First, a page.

The international, randomized Phase 3 ASPIRE (CArfilzomib, Lenalidomide, and DexamethaSone versus Lenalidomide and Dexamethasone for the treatment of PatIents with Relapsed Multiple MyEloma) trial evaluated Kyprolis in combination with lenalidomide and low-dose dexamethasone, versus lenalidomide and low-dose dexamethasone alone, in patients with relapsed multiple myeloma following treatment with one to three prior regimens. The primary endpoint of the trial was progression-free survival, defined as the time from treatment initiation to disease progression or death. Secondary endpoints included overall survival, overall response rate, duration of response, disease control rate, health-related quality of life, and safety. Patients were randomized to receive Kyprolis (20mg/m2 on days 1 and 2 of cycle 1 only, then 27mg/m2 subsequently), in addition to a standard dosing schedule of lenalidomide (25mg per day for 21 days on, 7 days off) and low-dose dexamethasone (40mg per week in 4 week cycles), versus lenalidomide and low-dose dexamethasone alone. The study randomized 792 patients at sites in North America, Europe, and Israel.
About Multiple Myeloma
Multiple myeloma is the second most common hematologic cancer and results from an abnormality of plasma cells, usually in the bone marrow. In the U.S., approximately 70,000 people are living with multiple myeloma and approximately 24,000 new cases are diagnosed annually. Worldwide, nearly 230,000 people are living with multiple myeloma and approximately 114,000 new cases are diagnosed annually. In Europe, approximately 89,000 people are living with multiple myeloma, and approximately 39,000 new cases are diagnosed annually.
About Kyprolis® (carfilzomib) for Injection
On July 20, 2012, the FDA granted accelerated approval of Kyprolis® (carfilzomib) for Injection for the treatment of patients with multiple myeloma who have received at least two prior therapies including bortezomib and an immunomodulatory agent (IMiD), and have demonstrated disease progression on or within 60 days of completion of the last therapy. Approval was based on response rate. Clinical benefit, such as improvement in survival or symptoms, has not been verified.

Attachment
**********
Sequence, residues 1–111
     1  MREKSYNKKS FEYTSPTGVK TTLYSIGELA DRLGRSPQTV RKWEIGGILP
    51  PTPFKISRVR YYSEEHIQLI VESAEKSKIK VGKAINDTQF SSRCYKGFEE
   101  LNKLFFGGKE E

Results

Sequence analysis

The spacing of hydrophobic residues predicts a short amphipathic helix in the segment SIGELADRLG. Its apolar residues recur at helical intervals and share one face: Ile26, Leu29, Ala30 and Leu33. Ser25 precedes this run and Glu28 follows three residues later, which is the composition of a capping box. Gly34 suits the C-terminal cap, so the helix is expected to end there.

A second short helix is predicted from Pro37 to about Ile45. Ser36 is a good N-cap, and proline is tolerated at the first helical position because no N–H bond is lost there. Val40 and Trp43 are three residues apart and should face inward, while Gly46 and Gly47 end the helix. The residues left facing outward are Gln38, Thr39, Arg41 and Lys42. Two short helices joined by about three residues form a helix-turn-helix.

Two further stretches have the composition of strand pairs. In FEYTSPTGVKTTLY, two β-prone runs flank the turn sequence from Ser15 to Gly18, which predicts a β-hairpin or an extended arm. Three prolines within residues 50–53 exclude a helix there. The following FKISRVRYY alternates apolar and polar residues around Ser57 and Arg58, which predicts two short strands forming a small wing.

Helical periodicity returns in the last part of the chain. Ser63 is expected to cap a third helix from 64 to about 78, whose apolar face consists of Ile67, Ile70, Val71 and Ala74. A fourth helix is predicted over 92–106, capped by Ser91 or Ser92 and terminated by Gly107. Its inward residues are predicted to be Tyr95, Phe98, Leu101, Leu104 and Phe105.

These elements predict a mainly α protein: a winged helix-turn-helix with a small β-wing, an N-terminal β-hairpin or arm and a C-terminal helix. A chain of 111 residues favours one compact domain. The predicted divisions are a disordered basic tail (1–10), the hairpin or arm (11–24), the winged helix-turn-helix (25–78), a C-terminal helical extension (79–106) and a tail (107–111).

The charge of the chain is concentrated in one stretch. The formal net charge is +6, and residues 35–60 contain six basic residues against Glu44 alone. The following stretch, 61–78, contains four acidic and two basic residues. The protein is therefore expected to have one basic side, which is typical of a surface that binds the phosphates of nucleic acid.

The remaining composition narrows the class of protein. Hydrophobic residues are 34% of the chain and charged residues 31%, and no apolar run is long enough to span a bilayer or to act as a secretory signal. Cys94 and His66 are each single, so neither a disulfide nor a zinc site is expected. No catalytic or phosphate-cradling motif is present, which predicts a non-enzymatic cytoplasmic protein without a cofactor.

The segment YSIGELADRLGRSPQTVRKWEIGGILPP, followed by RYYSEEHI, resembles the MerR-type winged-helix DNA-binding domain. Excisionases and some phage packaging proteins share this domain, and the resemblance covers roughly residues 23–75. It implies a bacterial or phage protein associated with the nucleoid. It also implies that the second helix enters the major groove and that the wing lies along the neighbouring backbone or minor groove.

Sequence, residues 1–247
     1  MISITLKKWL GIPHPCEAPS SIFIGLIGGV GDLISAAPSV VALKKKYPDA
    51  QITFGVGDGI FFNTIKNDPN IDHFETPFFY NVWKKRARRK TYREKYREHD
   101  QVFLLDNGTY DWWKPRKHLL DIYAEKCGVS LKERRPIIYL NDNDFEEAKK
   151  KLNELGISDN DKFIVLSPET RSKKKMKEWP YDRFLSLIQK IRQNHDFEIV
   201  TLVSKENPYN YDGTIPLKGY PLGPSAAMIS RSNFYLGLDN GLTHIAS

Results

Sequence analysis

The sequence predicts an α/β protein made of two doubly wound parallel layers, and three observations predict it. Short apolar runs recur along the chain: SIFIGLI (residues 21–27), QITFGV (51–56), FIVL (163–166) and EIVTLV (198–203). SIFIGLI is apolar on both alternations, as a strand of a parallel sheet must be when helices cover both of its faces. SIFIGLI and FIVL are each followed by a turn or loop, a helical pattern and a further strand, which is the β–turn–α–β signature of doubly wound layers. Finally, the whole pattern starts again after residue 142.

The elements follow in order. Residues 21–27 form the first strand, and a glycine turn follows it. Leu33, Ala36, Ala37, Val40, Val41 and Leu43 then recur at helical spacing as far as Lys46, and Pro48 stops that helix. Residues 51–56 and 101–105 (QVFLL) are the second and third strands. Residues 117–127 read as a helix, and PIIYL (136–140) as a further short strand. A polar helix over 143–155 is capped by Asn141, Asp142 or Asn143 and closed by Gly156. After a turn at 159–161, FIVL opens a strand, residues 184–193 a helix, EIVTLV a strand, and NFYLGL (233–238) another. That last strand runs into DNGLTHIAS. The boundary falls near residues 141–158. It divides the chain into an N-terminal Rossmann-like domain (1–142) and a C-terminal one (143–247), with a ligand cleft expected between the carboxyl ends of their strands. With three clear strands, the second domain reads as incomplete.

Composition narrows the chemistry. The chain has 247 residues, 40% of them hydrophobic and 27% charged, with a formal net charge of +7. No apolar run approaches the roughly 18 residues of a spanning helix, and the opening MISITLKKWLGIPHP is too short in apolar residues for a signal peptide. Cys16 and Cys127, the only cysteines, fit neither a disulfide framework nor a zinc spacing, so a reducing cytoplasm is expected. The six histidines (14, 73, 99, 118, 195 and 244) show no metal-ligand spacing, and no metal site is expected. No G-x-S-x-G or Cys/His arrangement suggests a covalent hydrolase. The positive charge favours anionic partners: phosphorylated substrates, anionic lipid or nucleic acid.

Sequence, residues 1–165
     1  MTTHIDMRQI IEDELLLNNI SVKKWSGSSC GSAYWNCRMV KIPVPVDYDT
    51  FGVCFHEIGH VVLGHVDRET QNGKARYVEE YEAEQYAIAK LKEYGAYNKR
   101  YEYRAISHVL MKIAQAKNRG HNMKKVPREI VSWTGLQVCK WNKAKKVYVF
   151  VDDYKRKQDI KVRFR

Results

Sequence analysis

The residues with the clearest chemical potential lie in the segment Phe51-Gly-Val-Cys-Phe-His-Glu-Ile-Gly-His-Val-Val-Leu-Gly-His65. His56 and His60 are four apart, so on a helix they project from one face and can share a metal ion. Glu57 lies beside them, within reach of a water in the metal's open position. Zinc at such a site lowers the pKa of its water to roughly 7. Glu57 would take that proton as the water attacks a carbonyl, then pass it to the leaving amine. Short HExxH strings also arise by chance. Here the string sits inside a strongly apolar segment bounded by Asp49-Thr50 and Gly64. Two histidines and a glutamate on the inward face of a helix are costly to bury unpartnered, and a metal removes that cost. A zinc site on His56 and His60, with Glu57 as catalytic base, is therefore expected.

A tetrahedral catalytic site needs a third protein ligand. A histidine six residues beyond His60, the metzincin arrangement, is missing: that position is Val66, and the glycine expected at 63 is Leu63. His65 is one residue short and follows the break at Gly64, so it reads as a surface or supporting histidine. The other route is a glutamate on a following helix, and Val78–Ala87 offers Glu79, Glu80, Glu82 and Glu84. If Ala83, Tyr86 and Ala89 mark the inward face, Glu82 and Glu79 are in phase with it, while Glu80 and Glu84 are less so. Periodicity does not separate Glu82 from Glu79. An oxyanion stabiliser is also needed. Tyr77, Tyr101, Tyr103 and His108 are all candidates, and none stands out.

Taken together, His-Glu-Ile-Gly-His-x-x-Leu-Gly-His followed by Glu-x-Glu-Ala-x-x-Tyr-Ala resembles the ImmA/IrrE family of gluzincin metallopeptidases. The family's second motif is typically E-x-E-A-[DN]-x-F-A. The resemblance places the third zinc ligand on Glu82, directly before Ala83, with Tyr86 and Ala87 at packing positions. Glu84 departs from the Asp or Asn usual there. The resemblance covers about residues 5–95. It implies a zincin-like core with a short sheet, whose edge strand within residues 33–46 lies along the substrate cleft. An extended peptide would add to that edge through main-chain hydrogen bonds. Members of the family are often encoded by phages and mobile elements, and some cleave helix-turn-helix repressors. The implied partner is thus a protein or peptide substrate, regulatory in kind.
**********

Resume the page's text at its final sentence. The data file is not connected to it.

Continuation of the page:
Kyprolis is marketed in the U.S. by Onyx Pharmaceuticals, Inc., an Amgen subsidiary.
Important Safety Information Regarding Kyprolis® (carfilzomib) for Injection
Safety data have been evaluated in 526 patients with relapsed and/or refractory multiple myeloma who received single-agent Kyprolis. There were 37 deaths in the Phase 2 studies, or 7% of patients. The most common causes of death, other than disease progression, were cardiac (5 patients), end-organ failure (4 patients), and infection (4 patients). Important warnings and precautions include cardiac arrest, congestive heart failure, myocardial ischemia; pulmonary hypertension, pulmonary complications, infusion reactions, tumor lysis syndrome, thrombocytopenia, hepatic toxicity and embryo-fetal toxicity.
Death due to cardiac arrest has occurred within a day of Kyprolis administration. Patients with New York Heart Association Class III and IV heart failure, myocardial infarction in the preceding 6 months, and conduction abnormalities uncontrolled by medications were not eligible for the clinical trials. These patients may be at greater risk for cardiac complications.